The SacMetro AQMD measures lead at one monitoring station. More information on the lead monitor and other monitors can be found on the Air Monitoring page.
3-month rolling avg (2008 NAAQS) - 0.15 µg/m3
30 day average - 1.5 µg/m3
Nitrogen dioxide (NO2) is one of a group of highly reactive gases known as nitrogen oxides (NOX). NO2 forms quickly from emissions from cars, trucks and buses, power plants, off-road equipment and other combustion sources. In addition to contributing to the formation of ground-level ozone and fine particle pollution, NO2 is associated with a number of adverse effects on the human respiratory system.
People who spend time on or near major roadways can experience short-term NO2 exposures considerably higher than the concentrations measured at ambient air monitoring stations. Exposure to elevated NO2 concentrations near roadways is of particular concern for susceptible people, including those with asthma, children, and the elderly. The SacMetro AQMD currently operates one NO2 near-road monitor and the need for a second monitor is being evaluated. A map showing the location of this monitor and others can be found on the Air Monitoring page.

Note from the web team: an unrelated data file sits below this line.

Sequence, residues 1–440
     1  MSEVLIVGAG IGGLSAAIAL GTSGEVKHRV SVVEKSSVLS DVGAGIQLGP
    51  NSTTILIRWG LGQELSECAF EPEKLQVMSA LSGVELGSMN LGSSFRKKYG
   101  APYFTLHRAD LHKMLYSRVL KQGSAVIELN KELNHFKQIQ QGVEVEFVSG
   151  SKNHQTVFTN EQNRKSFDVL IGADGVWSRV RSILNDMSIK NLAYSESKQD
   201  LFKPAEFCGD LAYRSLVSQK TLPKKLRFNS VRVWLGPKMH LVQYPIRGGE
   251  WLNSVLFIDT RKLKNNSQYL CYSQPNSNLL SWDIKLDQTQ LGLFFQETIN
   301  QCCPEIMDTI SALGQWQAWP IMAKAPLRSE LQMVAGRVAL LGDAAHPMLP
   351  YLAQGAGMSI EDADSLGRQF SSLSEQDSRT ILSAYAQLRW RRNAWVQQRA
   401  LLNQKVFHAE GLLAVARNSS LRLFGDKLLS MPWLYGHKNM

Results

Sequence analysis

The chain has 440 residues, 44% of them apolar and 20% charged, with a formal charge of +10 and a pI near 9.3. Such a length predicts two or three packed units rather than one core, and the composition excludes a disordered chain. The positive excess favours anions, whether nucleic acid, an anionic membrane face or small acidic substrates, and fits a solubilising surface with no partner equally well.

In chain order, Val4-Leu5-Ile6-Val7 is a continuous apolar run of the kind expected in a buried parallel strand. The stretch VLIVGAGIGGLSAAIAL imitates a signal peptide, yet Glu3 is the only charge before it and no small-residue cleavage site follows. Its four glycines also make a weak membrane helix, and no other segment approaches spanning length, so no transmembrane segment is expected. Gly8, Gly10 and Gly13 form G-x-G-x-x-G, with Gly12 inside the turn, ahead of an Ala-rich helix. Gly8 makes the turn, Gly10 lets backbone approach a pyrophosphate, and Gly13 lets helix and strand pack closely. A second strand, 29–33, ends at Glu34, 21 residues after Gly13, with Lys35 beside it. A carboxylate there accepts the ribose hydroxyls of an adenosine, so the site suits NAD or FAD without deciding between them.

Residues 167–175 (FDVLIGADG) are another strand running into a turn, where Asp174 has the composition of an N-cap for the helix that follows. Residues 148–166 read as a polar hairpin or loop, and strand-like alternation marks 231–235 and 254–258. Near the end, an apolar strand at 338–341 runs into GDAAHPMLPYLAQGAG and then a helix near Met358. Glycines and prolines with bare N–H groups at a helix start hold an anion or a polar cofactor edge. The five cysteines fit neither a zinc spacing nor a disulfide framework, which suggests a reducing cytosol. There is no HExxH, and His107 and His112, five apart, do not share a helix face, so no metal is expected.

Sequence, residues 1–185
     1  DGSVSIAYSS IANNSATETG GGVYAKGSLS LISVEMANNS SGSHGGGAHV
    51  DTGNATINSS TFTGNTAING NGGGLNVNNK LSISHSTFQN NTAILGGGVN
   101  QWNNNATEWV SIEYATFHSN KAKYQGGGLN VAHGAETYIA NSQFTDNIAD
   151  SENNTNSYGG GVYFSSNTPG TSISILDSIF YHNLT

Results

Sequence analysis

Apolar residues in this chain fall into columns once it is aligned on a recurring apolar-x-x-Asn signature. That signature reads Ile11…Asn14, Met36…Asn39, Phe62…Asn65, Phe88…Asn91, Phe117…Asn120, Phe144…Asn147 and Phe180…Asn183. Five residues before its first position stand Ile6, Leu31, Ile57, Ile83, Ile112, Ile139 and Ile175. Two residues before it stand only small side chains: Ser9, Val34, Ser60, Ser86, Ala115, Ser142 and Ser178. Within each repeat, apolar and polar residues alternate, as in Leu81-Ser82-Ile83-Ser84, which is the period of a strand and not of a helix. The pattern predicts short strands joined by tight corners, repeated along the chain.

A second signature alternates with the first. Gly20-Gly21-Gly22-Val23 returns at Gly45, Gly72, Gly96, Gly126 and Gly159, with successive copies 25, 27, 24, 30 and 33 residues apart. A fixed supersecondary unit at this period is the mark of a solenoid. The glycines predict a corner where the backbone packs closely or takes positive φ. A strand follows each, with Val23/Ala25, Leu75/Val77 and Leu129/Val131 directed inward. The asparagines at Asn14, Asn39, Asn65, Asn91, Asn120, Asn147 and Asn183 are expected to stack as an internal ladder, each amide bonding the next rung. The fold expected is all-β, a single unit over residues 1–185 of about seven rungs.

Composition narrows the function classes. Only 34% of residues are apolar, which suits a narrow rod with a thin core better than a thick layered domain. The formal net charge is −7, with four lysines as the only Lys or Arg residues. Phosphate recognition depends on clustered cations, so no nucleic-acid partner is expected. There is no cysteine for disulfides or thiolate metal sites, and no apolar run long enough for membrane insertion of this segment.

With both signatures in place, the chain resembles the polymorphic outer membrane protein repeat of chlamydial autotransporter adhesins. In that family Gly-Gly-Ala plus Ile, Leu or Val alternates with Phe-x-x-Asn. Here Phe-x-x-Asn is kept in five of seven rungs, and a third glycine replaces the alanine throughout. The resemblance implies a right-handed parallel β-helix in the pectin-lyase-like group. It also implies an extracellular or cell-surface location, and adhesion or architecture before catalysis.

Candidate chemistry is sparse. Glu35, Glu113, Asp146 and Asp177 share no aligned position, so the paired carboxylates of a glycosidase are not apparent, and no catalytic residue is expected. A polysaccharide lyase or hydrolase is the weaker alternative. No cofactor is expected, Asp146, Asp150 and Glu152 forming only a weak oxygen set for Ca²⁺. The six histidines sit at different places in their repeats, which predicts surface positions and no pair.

In 2010, EPA set the new one-hour average standard for NO2 at a level of 100 parts per billion (ppb) and retained the existing annual average standard of 53 ppb. The region was designated as attainment in February 2012 for both of these standards.
1-hour std (2010 NAAQS) - 100 ppb
1-hour std - 180 ppb
Annual arithmetic mean (2010 NAAQS)1 - 53 ppb
Annual arithmetic mean - 30 ppb
1 The original NAAQS was established in 1971. EPA reviewed and decided to retain the annual arithmetic mean standard in 2010.
2 EPA designates areas as "unclassifiable/attainment" if they met the standard or are expected to meet the standard despite a lack of monitoring data.